Let’s start with a little understanding of what makes a wine Kosher. Grapes are grapes, neither Kosher nor non-Kosher until they arrive at the so-called crushpad where they begin the process of becoming wine. Once that happens, for the wine to be Kosher, the grapes must be handled from that point by Sabbath-observant Jews. So far so good. So, let’s assume that the grapes are crushed, pressed and fermented by this Kosher crew, using only Kosher ingredients and approved processes. For example, wine can be fined with egg whites, which is pretty standard in the industry, but not using Isinglass which is made from Sturgeon bladders and is decidedly not Kosher. The wine is then aged and bottled, again under Rabbinical supervision.
At that point, the wine can simply be distributed, but the hitch is that for the wine to remain Kosher down to and on the Passover table, it can only be opened and poured by a Sabbath-observant Jew. To deal with that, many wineries subject the wine to a heating process (it’s not really boiling, although that’s a popular misconception) called Flash Pasteurization, which renders the wine Mevushal and it then can be handled by anyone. However, wine that’s been heated has been, well, mistreated, at least in my humble view.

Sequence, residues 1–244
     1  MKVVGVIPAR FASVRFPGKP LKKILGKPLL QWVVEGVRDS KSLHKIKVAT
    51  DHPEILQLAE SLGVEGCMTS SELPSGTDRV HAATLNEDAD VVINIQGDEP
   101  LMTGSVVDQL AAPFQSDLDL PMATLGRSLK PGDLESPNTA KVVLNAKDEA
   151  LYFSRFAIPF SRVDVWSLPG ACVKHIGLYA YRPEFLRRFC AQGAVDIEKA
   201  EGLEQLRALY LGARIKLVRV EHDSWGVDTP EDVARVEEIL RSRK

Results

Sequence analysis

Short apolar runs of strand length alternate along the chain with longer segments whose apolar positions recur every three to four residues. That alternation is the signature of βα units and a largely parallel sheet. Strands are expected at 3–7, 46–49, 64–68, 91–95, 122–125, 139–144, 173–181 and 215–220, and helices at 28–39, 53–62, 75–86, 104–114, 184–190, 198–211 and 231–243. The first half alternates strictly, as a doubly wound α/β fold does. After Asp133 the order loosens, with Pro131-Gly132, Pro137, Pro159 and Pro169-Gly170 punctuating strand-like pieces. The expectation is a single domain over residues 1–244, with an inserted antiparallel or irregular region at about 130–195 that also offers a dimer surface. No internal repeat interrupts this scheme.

My friend and teacher Jeff Morgan has a nice, concise primer on the what makes a wine Kosher and the distinction of Mevushal or non-Mevushal – read it here. And please, avoid Mevushal wines if you can, and try these:
Covenant Cabernet. From Jeff Morgan (full disclosure here) and Leslie Rudd of Rudd Vineyards, this is the best Kosher wine you or I have ever tasted. Not cheap but c’mon, splurge a little for Passover!
Red C Cabernet
Second label California Cabernet from the Covenant people; still not cheap but more affordable at about $45 per, and outstanding in its own right.
Pommery Champagne Brut Royal.
This non-vintage is 35% Chardonnay, 35% Pinot Noir and 30% Pinot Meunier. Rich, yet nicely acidic.
Dalton Sauvignon Blanc Reserve.
Tried to find a non-Mevushal SB from NZ – no luck – but this one from Ha Eretz is pretty nice.
Domaine Lafond Tavel Rhone Rose.
I drink this all the time after, er, Church. It’s medium-bodied, dry rose Kosher wine, non-Mevushal, made from Greanche, Cinsault and Syrah. The ’06 and ’07 are widely available too, I imagine.
Ramon Cardova Rioja.
Tempranillo from old vines – it’s got some nice spice and leather, although it may lack a bit in body. Great bargain, too.
Domaine St. Benoit Chateauneuf du Pape.
Outstanding offering that’s a combination of Grenache, Mourvedre, Syrah – and the only Kosher Chateauneuf du Pape I know of. This is a find.
NOTE: The links to most of these wines takes you to online store headquartered in Skokie, IL. I don’t have any interest in that store (or any store) and I don’t know the people who own it. It’s just that they’ve got a great range of Kosher wine and a lot of information too. If you want one or these wines, you can purchase online, or ask your local retailer.